This big bowl meal is a riff on the classic Vietnamese sandwich that is at once spicy, salty, sour, sweet, and aromatic.
You will most likely have some leftover pickled vegetables from this recipe. Try tossing them into a salad or tucking them into a sandwich for some extra flavour and crunch.
Start by making pickled vegetables. In small saucepan, bring rice vinegar, honey, and salt to a boil. Remove saucepan from heat, stir in daikon and carrot matchsticks, and let cool to room temperature. Pickled vegetables may be made and refrigerated in an airtight container for up to 7 days.
To cook quinoa for base of bowl, in large saucepan over high heat, combine quinoa and stock, bring to a rolling boil before reducing heat to low, covering, and simmering for 15 minutes or until liquid is absorbed. Remove from heat and let saucepan sit, covered, for 5 minutes. Fluff cooked quinoa with fork and set aside until ready to use.
While quinoa is cooking, in small bowl, stir together avocado mayonnaise, Sriracha sauce, and water until well combined. Set aside.
To make turkey meatballs, in large bowl, stir together all ingredients, except avocado oil, until well combined. In frying pan over medium high, heat avocado oil. Cook meatballs in batches, turning often, until golden brown and fully cooked through. Transfer to plate and keep warm.
To assemble bowl, divide quinoa among serving bowls. Top with meatballs, some drained pickled vegetables, cucumber, radishes, jalapenu0303o (if using), green onion, and herbs. Garnish with a drizzle of spicy mayonnaise and sprinkle of sesame seeds.
This recipe is part of the Beautiful Bowlfuls collection.
Adding farro, with its nutty bite, is a delicious and convenient way to increase your soup’s fibre and nutritional value. This hearty soup is the perfect remedy to a cold January day. Lemon and chervil add a bright contrast to the fibre-packed earthy flavours. Farro timesaver With a long cooking time, it’s worth it to cook a larger amount of farro and freeze it in small-portioned batches which can be thawed quickly. Using a ratio of 1:4 farro to water, cook on medium-high heat until farro is al dente, in a similar manner to the way you would cook pasta. Drain, rinse, portion, and freeze for later use. To thaw, simply run frozen farro under water or add directly to soup.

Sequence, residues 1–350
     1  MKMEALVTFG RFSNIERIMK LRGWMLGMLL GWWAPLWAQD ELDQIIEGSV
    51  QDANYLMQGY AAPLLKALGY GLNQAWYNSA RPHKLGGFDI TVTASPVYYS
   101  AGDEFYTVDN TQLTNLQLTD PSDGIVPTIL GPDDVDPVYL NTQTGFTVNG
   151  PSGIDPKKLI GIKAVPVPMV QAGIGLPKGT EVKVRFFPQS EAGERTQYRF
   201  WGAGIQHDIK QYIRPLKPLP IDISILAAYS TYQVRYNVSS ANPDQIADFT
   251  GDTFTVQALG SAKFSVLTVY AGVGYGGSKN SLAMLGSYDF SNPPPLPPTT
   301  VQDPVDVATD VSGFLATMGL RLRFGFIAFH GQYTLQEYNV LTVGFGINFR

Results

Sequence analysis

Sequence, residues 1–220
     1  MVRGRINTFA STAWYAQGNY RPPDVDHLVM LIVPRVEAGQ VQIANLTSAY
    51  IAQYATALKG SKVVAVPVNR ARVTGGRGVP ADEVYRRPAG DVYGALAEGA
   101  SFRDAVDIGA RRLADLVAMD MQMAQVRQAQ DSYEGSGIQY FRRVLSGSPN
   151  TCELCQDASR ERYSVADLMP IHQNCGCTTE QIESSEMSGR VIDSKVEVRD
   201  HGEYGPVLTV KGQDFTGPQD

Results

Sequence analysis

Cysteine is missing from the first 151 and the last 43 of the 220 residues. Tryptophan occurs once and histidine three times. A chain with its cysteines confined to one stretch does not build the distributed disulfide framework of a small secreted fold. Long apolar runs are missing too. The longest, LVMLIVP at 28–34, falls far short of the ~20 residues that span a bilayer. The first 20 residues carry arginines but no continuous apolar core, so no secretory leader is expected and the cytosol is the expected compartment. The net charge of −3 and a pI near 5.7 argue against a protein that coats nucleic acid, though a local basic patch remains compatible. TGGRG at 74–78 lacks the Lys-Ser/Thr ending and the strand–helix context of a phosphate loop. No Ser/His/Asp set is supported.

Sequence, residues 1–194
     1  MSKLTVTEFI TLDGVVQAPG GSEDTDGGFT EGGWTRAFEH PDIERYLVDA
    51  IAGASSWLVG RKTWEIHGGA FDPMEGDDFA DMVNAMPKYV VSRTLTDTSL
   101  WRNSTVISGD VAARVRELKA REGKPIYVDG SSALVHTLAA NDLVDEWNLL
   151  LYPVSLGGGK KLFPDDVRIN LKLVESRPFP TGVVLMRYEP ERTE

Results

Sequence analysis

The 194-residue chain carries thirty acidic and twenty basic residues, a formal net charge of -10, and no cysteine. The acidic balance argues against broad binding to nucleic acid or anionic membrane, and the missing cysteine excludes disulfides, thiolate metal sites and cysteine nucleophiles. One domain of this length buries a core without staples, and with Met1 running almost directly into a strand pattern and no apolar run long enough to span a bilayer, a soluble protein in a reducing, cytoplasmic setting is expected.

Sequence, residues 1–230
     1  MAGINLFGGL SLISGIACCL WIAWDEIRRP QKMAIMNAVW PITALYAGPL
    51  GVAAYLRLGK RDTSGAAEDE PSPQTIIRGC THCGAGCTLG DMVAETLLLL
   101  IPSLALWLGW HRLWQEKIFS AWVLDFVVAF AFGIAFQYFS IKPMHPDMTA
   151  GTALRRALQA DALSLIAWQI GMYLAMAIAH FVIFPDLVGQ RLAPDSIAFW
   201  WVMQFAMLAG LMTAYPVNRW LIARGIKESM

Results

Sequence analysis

Oven-roasted delicata squash makes a crispy treat atop this green salad. As its name suggests, this squash has a thin, delicate skin that’s tasty when cooked. Pomegranate molasses, an ingredient common in Lebanese and Middle-Eastern cuisine, brings a sweet and sour flavour to the dressing. No pine nuts? Use squash seeds! Simply collect about 1/4 cup (60 mL) seeds from cleaned squash, rinse, and mix with 1/8 tsp (0.5 mL) of the spice mix used to roast the squash and 1/2 tsp (2 mL) olive oil. Roast at 425 F (220 C) on parchment-lined baking sheet for 20 minutes, stirring every 10 minutes.
Look for whole grain farro, which leaves the germ and bran intact, for this satisfying porridge that’s sure to kickstart your day. While the cooking time is longer than for pearled or semi-pearled varieties, you’ll get more nutrition. Take the time to enjoy the delicate scent of cardamom and ginger wafting through your kitchen as you prepare this. Ancient grain Farro (also referred to as emmer or einkorn) is a variety of wheat known as an ancient grain, which means that it hasn’t changed over time through breeding as is the case with many varieties of modern wheat.
This easy, yet impressive, vegan dinner is packed with oven-roasted flavour and proves that creating satisfying weeknight plant-based meals is entirely possible. If working with a small oven with only room for one sheet at a time, you can prepare the tofu and vegetables in batches separately.